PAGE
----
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"It has long been an axiom of mine that the little things are infinitely the most important" (Sherlock Holmes)

 

 

Goodness-of-fit tests for categorized data Pearson's chi square and likelihood ratio G-test

In our first worked example we revisit the study by Meyer et al. (1995) on the occurrence of portosystemic shunt in Irish wolfhounds. The authors described the distribution of ammonia concentrations in the venous blood as 'essentially normal', but performed no statistical (or graphical) assessments.

If we had the raw data available, then one of the cumulative rank methods or Shapiro-Wilks would have been the preferred method of testing normality. Since we only have access to the categorized distribution, we will use Pearson's chi square test - but with the reservation that we are loosing information by categorizing a continuous variable. The first figure below shows observed frequencies with the lowest and highest frequencies pooled in order to eliminate small expected frequencies.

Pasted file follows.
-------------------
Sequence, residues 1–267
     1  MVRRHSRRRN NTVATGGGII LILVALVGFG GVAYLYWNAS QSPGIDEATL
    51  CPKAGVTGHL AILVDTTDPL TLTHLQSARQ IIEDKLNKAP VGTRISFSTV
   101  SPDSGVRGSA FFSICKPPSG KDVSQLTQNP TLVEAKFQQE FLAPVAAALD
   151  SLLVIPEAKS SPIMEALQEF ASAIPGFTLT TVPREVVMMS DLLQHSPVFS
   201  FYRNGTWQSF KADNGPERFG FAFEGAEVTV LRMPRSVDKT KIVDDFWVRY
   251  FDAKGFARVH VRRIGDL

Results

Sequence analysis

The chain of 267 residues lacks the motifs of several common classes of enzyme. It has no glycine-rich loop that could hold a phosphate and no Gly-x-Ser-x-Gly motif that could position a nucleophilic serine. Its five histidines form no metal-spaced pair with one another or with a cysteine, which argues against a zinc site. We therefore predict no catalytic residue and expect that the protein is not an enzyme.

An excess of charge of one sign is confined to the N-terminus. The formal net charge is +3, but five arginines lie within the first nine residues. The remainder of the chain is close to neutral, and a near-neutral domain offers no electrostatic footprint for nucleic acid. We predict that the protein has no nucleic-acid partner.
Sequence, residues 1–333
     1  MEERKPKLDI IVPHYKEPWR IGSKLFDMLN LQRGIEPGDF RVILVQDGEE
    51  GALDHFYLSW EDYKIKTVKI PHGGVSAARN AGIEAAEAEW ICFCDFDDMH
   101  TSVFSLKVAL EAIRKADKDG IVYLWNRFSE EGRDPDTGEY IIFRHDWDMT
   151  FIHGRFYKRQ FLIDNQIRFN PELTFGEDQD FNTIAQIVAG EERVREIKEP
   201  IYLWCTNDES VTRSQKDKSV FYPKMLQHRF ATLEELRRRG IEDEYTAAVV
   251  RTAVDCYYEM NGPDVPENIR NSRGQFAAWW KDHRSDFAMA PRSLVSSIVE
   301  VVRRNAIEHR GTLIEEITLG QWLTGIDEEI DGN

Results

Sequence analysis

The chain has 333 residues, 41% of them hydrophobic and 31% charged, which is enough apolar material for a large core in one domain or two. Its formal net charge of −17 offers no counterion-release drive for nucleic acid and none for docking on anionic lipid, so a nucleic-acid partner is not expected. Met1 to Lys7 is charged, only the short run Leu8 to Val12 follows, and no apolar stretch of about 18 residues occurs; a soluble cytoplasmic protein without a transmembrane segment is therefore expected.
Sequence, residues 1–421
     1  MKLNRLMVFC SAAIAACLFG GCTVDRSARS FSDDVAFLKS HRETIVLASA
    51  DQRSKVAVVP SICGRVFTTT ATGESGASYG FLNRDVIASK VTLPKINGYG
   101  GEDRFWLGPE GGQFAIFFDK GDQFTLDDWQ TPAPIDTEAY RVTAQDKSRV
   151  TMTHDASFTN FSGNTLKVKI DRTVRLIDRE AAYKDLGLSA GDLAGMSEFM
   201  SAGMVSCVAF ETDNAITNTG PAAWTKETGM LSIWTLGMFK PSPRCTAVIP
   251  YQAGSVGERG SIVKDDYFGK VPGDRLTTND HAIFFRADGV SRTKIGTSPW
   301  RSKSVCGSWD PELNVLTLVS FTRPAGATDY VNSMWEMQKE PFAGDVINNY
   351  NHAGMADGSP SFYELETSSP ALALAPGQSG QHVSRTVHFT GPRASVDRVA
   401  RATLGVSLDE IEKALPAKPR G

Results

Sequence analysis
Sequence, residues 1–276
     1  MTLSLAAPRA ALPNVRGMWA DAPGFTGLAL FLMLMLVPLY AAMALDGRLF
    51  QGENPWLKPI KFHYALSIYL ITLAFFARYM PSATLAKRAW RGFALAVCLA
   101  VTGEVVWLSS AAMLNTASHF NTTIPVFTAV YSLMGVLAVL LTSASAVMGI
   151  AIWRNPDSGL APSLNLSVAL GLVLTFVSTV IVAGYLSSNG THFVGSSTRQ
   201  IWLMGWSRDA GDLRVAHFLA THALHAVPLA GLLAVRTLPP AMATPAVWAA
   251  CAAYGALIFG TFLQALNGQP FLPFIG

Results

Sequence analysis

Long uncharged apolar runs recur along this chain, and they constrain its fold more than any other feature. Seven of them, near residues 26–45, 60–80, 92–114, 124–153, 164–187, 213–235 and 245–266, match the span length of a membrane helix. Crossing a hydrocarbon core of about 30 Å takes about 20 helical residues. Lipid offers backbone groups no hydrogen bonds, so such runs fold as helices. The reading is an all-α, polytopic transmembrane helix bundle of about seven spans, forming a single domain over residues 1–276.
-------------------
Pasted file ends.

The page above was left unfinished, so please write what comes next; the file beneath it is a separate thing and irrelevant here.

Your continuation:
Ammonia fi i
<25
30
35
40
45
50
55
60
65
70
75
80
85
90
95
100
105
110
115
120
>120
7
6
15
26
38
43
32
68
69
105
127
121
94
97
85
34
25
21
13
1
17
6.2
6.3
11.2
18.8
29.3
42.9
58.8
75.4
90.4
101.6
106.8
105.1
96.9
83.5
67.4
51.0
36.1
23.9
14.8
8.6
9.0

{Fig. 1}
figma1a.gif

The second figure shows a normal distribution with the same mean (73.8), standard deviation (19.4), interval width (5) and number of observations (1044). Expected probabilities were obtained using R by obtaining the cumulative probability up to each upper bound, subtracting the cumulative probability up to the upper bound below that, and multiplying by sample size.

Pearson's X2 can then be calculated using the general formula:

Using
X2   =   (7 − 6.205)2  + ....  (17 − 9.002)2   =  61.28
6.205 9.002

The number of degrees of freedom is given by [number of classes - 1 - number of parameters estimated] which in this case is [21-1-2] =18. Hence P = 0.00000127. We can therefore reject the null hypothesis and conclude that a normal distribution does not provide a good fit to the data.

If preferred, a likelihood ratio G-test could be used instead.

Using
G   = 2 × [ 7  ln (  7  )  + ....  17  ln (  17  )]    =  66.6